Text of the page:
Ribblesdale Original Sheep Cheese
In no particular order, I am going to describe each of the 16 cheeses that we make: where we get the milk, how we make it and how it tastes. Here is a picture of our Ribblesdale Original Sheep.
I really like this cheese – it is nutty, buttery, rich, slightly yellow in appearance and firm in texture; we mature it to over a year in age to allow those rich flavours to fully develop. Sales this year of our Original Sheep have increased by about 25% on last year, although I have to confess, I do not know why, other than it is a super cheese with a long shelf life of 3 months +.
I probably enjoy making this cheese the most, of all the cheeses we make, although it is the hardest work. The reason for this is that we make 2,000 litres at a time in two vats, staggered so that we don’t have to take the whey off both at the same time. As readers will know, we specialise in goat cheese; goat milk will generally give you a yield of about 10% on average, so, for example, if you have 1,000 litres in your vat, it will yield about 100kgs which can be shovelled by one person, though it is easier with two – either Stu and I or Stu and Mark.
With ewe’s milk, you could get a yield of about 17-20%, depending on the lactation cycle. So for 2,000 litres, you could be looking at 400kgs which is an awful lot of curd to shovel, mill and pot up, so really hard work! A job for all of us: Stu, Mark, me and Lydia, we all muck in and make the sheep cheese. Then, there is potting out and washing up all the moulds – it takes forever! I think that one is at the top of everyone’s groan list! Despite all this, I enjoy making this sheep cheese as it sets beautifully in about 20 minutes, cuts really well and I like the unusual formation of the curd pieces after scalding. Stu usually cuts the big vat which is a two handed job because there is so much curd, whilst I cut the little vat and generally look after that whilst Mark and Stu are taking care of the big vat.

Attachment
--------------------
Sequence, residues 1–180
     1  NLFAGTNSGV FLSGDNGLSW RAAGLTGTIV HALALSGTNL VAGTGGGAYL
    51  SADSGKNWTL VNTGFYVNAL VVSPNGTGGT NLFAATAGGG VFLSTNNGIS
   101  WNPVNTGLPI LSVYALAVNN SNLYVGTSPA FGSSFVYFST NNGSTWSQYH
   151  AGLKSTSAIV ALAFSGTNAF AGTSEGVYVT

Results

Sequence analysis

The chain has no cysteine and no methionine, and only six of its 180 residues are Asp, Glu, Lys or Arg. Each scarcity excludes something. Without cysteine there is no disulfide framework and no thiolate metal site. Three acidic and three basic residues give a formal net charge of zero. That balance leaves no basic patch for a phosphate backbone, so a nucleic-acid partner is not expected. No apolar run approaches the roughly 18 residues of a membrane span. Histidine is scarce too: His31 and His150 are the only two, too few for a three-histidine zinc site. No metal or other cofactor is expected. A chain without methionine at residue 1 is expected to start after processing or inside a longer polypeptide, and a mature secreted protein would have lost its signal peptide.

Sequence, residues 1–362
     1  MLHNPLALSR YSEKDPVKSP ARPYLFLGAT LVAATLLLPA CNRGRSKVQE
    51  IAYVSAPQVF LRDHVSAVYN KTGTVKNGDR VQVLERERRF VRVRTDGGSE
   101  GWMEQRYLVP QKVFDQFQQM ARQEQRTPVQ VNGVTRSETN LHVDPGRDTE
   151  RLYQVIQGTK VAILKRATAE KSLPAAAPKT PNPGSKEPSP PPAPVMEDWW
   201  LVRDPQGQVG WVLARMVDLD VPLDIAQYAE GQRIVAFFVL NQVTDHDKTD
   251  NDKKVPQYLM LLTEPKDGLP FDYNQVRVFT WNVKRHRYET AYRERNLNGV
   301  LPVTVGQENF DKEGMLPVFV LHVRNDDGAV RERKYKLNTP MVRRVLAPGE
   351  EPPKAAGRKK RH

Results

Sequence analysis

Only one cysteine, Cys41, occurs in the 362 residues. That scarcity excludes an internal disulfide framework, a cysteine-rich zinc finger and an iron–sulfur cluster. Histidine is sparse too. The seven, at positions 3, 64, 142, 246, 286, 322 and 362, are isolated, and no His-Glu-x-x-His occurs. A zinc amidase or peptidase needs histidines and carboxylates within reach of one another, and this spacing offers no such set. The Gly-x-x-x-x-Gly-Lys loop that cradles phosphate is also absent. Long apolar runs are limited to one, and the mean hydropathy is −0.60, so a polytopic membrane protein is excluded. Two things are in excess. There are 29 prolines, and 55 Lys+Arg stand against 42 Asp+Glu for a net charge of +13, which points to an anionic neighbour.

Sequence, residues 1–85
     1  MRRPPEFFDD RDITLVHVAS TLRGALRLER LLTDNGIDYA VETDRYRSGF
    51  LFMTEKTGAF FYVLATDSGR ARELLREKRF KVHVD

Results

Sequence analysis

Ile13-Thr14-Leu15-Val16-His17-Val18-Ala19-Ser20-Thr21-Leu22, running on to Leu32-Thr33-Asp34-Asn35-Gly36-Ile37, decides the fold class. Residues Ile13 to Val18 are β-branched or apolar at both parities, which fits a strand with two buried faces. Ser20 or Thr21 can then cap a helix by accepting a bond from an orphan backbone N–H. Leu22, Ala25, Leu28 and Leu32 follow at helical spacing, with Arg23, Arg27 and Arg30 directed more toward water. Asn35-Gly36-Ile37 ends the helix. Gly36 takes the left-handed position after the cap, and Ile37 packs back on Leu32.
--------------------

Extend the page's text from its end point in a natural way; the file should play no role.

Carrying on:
We make a smoked version of our Original Sheep too – we smoke it ourselves in our little smoking machine, over oak chippings.
Our milk comes from Simon Stott in Chipping, Lancashire. This is the nearest source of milking sheep and they are Frieslands. I had some great pictures from my last visit to Simon, but they were on the computer that was stolen, so I cannot reproduce them. For those of you who watch Country File, Simon is a regular, talking about his sheep. He runs a really good farm and has excellent quality milk.
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